When talking about ways to improve the value of education, most debates center on what teachers and institutions can do to improve a student’s experience. Less is said about how students can help themselves. As illustrated above, Calvin seems to be suffering from a lack of intellectual curiosity in the classroom. He vocalizes a certain inevitability in education — that students are ultimately in charge of whether or not they take an interest on a subject.
Engaging students is an uphill battle, but it’s not impossible. Professors can, and often do, interest students in their fields. The best professors are visibly enthusiastic about their fields; they make their teaching inclusive and accessible. This enthusiasm acts as a prerequisite for making a student curious. Without this type of engagement, the entire onus is put on the student.
While students are largely responsible for their own academic interests, some policies and technological trends are making it harder for true engagement. This difficulty starts in lower education. The No Child Left Behind Act of 2001 established a system in which primary and secondary institutions receive federal funding that is contingent on states administering their own standardized tests and developing their own curriculum.
NCLB can be held partly responsible for stifling curiosity in the classroom. In order to make sure each school performs well, teachers may “teach to the test” or develop their own curriculum to match what will be tested, and only what will be tested. Consequently, students are not exposed to the more imaginative, non-tested facets of their teacher’s knowledge, which leads students to become complacent. This is especially damaging when compounded with the increasing pace of technology and its potential to decrease attention span.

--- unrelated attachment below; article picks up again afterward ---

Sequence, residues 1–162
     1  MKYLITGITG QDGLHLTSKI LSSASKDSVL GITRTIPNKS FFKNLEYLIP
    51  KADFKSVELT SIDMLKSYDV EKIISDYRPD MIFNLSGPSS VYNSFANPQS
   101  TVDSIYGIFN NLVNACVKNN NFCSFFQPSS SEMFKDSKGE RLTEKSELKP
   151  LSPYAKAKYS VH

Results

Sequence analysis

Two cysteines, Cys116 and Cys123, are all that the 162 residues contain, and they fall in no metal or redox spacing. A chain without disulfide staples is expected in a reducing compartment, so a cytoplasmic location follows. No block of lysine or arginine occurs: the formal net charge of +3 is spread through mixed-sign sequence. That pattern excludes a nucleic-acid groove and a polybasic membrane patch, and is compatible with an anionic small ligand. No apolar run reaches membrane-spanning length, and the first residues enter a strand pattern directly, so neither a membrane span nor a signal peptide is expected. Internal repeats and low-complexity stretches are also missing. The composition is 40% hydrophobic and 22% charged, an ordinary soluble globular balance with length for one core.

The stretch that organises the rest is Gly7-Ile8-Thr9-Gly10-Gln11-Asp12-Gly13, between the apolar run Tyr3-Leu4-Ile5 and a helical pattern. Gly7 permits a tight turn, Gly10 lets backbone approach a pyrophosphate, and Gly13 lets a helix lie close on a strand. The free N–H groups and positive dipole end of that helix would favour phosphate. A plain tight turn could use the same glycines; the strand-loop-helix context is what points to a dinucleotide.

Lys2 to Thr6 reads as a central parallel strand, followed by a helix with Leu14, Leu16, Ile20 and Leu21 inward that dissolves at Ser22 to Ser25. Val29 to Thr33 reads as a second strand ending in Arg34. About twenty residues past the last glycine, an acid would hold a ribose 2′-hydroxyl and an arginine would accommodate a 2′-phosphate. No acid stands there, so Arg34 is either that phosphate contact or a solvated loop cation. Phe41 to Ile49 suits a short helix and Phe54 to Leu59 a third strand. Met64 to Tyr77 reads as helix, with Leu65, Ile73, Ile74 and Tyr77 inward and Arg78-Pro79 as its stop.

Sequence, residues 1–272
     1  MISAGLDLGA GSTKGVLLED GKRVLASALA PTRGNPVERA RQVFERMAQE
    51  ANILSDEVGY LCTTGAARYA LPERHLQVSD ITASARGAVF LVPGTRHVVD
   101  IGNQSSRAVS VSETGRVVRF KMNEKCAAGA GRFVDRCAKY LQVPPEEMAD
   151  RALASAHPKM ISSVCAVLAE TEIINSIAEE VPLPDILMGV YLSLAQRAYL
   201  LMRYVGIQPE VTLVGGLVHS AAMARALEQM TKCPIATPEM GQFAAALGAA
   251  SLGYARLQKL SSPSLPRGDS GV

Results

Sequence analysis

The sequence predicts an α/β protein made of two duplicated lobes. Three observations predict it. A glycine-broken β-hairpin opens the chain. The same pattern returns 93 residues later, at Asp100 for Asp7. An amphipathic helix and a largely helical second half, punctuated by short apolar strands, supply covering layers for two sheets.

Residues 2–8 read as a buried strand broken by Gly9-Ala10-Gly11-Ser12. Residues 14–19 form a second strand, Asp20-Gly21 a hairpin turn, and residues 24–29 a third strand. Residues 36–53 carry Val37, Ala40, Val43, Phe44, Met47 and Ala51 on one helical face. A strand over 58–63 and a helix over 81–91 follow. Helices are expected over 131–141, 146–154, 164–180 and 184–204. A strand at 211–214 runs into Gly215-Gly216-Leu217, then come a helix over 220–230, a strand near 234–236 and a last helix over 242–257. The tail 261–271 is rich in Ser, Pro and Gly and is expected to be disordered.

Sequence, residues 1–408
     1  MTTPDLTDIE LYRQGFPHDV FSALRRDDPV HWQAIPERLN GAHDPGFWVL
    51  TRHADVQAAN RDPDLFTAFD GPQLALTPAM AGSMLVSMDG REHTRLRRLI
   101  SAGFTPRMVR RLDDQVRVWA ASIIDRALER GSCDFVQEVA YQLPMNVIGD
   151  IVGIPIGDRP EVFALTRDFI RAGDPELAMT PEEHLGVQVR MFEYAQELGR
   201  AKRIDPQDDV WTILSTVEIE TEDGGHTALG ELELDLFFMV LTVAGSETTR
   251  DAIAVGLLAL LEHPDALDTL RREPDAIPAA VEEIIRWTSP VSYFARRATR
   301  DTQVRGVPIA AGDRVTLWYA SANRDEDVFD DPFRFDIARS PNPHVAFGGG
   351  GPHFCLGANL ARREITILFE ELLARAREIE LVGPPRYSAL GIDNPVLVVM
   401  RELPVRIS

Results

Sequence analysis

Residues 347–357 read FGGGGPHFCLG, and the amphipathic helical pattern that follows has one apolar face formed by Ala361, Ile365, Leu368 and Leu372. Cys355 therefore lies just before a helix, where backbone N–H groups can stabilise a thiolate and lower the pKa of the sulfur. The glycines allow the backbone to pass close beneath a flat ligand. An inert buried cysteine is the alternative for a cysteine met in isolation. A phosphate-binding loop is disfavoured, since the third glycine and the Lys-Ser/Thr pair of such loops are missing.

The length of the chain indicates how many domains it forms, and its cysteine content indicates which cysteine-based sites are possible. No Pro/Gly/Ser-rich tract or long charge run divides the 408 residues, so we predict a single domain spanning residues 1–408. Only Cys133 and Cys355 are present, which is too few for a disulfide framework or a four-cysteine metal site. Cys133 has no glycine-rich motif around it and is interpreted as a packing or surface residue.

For Calvin, the classroom is his vice. He values a self-taught experience. In one comic, he takes pleasure in reading a book about dinosaurs until an authority figure praises him for it. It’s clear that a large component of intellectual curiosity comes from an individual’s desire to invest their own time.
When students don’t take their own time to appreciate a given topic, the teacher is tasked to fill this responsibility — to make students appreciate. Calvin demonstrates that this is less than ideal for both parties (two packs of cigarettes? — sounds taxing).
Despite all the problems associated with intellectual curiosity, I am more optimistic about potential solutions than pessimistic about the issues. One practical response starts in the classroom. UC Davis offers personalized majors, and many professors will let you create your own essay topics. And while these options are not mandatory, perhaps they should be. They would force students to ask themselves what they find interesting.
This free-range attitude might be most effective in our NCLB school system. I would imagine that an English professor would find more pleasure in reading a diverse set of essays written with more care than dozens written on one stale topic. Each topic would likely have to be approved in advance, and a single rubric would become obsolete, thus making the whole process less efficient. But what should we value more: efficiency or engaged students?
In the long run, education must become a priority for policymakers. Children and young adults follow models. I recently read an article titled “The Cult of Elon Musk,” describing the zealotry of those who follow the Tesla Motors CEO. Education needs its own Musk. The Nobel committee awarding Malala Yousafzai and Kailash Satyarthi the Nobel Peace Prize shows an increasingly global awareness of the importance of education and curiosity.
Take a look, Calvin: Malala’s only eleven years older than you. You’ve got a standard cut out for yourself.
To share your own interests, you can reach ELI FLESCH at firstname.lastname@example.org or tweet him @eliflesch.
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